Genghis, Bolivar & Delusion
This show was inspired by viewing three different “historical” films. The Liberator (2013), about Simon Bolivar’s campaign of freeing South America from Spanish rule and racial disparity. ’71 (2014), a soldier’s tale, about the complicated situation in Northern Ireland. Lastly, Mongol (2007), about Genghis Khan’s rise to prominence.
The question that came up [repeatedly], the same which had come up before (during the look into genocide), is what is a director’s responsibility [or obligation] to the truth when shooting a historical drama? The answer to that question may, like many things in this complex world, not be as simple as we would prefer.
In one case, it could be argued that truth borders on outrageous lies, yet the same film also provided us with a slice into the heart of matters that cuts deeper on a level the pathetic alternative media can never hope to reach. I have to apologize in regards to being confused as to the origins of the line, “If you keep dancing with the devil, one of these days he’s going to want to fuck.” Still at a loss as to source.
If we put expectations on the the makers of a historical films, then should we heap the same level of trutherian ideals on pornographers? Do they bear responsibility for the idiot masses who mimic the behavior viewed on ventures designed purely with the bottom line (i.e., money, in this case), without the slightest mental process if the acts they witness are performed solely for market-driven considerations?
The topics this show is willing to broach, are but one of the reasons this broadcast has more value than all the conspIndustry shit combined. Outside of imaginary top-down speculative conspiracies, these are real events that may impact your real life. And the impact of a penile fracture is definitely something every male out there would be best served by gaining a little knowledge on how to best avoid.
Our very survival, is aided by our natural instinct to mimic while young. However, when we refuse to grow up, a [fascist] nanny state may feel the need to rise around us and protect us from our worst enemies, ourselves. If we provide the nanny state with enough impetus to be overbearing, who can we realistically blame when those nannies turn out to be no better than us (when they suffer from the same malignant failings as we)? Away from the conspiratorial “answers” [which amount to a pile of shit], we can ask questions: such as, when we put someone in a position whose livelihood is based on their avoiding obsolescence, are results not predictable?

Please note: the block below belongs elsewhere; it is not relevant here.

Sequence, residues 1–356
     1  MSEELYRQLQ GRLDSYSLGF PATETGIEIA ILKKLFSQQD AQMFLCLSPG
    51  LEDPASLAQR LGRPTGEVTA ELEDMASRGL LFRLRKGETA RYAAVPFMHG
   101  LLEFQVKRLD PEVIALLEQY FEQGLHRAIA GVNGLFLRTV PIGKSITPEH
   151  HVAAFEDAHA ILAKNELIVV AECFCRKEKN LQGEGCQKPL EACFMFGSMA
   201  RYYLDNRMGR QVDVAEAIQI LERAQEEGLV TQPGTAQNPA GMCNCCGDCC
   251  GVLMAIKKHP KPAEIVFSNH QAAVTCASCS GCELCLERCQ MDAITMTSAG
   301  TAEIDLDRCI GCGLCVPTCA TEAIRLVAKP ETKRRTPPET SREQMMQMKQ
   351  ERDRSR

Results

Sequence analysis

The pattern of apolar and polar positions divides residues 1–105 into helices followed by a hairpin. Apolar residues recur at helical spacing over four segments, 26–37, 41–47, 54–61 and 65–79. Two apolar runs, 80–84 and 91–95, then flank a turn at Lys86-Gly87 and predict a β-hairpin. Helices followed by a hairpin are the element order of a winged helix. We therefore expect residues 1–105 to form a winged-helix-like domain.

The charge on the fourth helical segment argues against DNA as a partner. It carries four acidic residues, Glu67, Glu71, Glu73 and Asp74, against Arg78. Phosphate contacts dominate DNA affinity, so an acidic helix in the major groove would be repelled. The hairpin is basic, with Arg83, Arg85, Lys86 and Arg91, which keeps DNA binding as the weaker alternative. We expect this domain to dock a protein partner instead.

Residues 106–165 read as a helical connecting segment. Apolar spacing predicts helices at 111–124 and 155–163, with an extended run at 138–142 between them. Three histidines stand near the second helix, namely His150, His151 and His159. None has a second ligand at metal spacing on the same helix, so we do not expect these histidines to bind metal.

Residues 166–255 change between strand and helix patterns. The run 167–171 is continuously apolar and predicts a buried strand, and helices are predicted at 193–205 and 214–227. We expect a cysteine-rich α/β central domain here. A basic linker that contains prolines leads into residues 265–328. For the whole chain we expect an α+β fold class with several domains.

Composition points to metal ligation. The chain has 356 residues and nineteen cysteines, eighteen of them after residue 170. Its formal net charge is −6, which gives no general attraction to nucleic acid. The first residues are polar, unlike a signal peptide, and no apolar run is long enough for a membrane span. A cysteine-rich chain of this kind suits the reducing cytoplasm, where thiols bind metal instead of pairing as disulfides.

It really is a shame that there are those out there so poisoned, they even interpret truths like Snowpiercer in a conspiratorially negative light (fully reviewed from a reality based perspective). But as I said within, “A person who is suffering from delusion will overlook any facts and any logic that run contrary to that delusion.”
Though I may have overused the word “phenomenal,” if ever there was a word well-suited to describe Genghis Khan’s accomplishments, that would be the one. In light of these labors, we must face the question of why are they under-appreciated by so many historians of all branches and so many among us? Beyond implicit perverse reasons and explicit conspiratorial factors known to cloud history, we are obliged to add a couple more to the list: ethnocentrism and cultural bias.